The Challenge of Normalcy

Grapevine (November 1955), pp. 34-36

Sgt. Bill S. (Sonoma, California)


  The new member of Alcoholics Anonymous who has attended only a few meetings is full of hope and faith. He is sure that this new way of life is the solution to many of his ills and he is looking forward to the time when he can say, "I have one year of sobriety." He feels that he is floating on a pink cloud because he has overcome the one evil in life that has been a stumbling block to his success. Without these shackles curtailing his every move he feels free as the school child on the first day of summer vacation.

He now has time to do things that he has wanted to do for years. He can play golf, go fishing, be a part of society in general, and still be free from the desire to drink. This is a revolutionary period in his life. He can look at things in their true perspective without any thought of drinking.

As time passes, these new experiences give way to routine living without the bottle. Like the child two weeks after Christmas, the luxury wears off and he is faced with the task of living in reality for the first time. His family and loved ones become complacent with his new-found happiness because they do not understand the true nature of his problem. The glory and praise wear thin and the man who was once the town drunk is now Mr. Average Citizen. Sobriety might become monotonous because of lack of insight or acceptance. Realism has come into play to spoil the honeymoon.

The phase of the AA program that is very important is the one following this so-called honeymoon period. During this period attendance at meetings is particularly important. This is a transition from dependence to a somewhat independent state. Now the application of AA philosophy becomes vital to survival.

Grapevine, November 1955

Cartoon from this issue
of the Grapevine

Alcoholics Anonymous doesn't make us immune to problems: material, domestic, or financial. It does provide a means to attack these problems through realism, objective thinking, and desire. We in AA are fortunate to have a program whereby we can discipline our every action. To the new member of AA, seemingly impossible obstacles can become enlightening challenges through the application of this philosophy.

We have all heard of peace of mind and serenity in AA. I feel that these two expressions are grossly misunderstood and perhaps over-used. This presents a picture of complete harmony and accord to the new member. Total serenity and peace of mind becomes the objective. When this condition is not reached, the new member feels that the AA program has failed him. He might again slip into obscurity if he succumbs to this first challenge.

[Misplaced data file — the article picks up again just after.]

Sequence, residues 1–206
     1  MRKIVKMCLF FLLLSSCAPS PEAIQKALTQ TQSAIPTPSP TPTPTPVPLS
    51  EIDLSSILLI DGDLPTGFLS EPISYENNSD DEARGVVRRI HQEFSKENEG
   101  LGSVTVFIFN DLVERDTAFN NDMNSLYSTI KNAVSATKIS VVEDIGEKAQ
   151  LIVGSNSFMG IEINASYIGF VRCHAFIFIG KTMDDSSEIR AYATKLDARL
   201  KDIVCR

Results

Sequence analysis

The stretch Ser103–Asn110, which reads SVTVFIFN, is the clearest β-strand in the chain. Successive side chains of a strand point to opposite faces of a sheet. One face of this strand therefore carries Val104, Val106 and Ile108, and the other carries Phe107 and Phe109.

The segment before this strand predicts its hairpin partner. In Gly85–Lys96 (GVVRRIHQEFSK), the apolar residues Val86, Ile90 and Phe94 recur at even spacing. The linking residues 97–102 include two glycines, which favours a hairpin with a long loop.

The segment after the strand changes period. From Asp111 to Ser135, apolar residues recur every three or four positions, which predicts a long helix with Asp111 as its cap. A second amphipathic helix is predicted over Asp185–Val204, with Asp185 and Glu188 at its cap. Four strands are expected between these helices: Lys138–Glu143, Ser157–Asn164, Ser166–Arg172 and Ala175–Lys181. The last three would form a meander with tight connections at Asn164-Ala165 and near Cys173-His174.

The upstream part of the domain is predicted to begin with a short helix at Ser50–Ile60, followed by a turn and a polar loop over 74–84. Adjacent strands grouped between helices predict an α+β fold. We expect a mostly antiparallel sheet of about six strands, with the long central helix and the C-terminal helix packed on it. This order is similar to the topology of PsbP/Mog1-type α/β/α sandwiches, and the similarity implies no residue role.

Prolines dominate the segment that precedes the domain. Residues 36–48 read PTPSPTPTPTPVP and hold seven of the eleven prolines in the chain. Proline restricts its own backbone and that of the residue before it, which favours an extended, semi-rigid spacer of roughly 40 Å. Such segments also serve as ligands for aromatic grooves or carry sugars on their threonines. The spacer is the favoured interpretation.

Older members in AA are neither in complete accord nor without problems. They are not infallible. They are human and subject to all the complex social problems known to man. They are in a better position to meet this challenge because of the desire to be realistic, mature and objective in their thinking.

Those who stay sober in AA live with their defects. They recognize them and are constantly striving to do something constructive to control these emotional problems. Through discipline and constant vigilance, the aggression, self-pity, remorse, resentments, hate, guilt, intolerance, and selfishness give way to a positive, objective approach.

We have to live with others in AA as well as on our job. The new member should accept or reject the philosophy of others with an impersonal attitude. The expression, "Everyone is entitled to his or her opinion" is a very good one. We can air our beliefs and feel a part of the AA program by so doing. This being the case, we cannot afford to evaluate a person according to his or her philosophy. Sincerity is the hallmark of quality in AA. If the new member is sincere in his desire to overcome excessive drinking and destructive thinking, then some of the above situations should not become a burden to him. He will stay sober in spite of his changing position. He will accept his changing attitude as moral and spiritual strength and continue to grow in this wonderful program.

The AA program is for you. Know your needs and meet them with AA's never-ending supply of wholesome guidance.

                            Sgt. Bill, San Antonio, Texas
 




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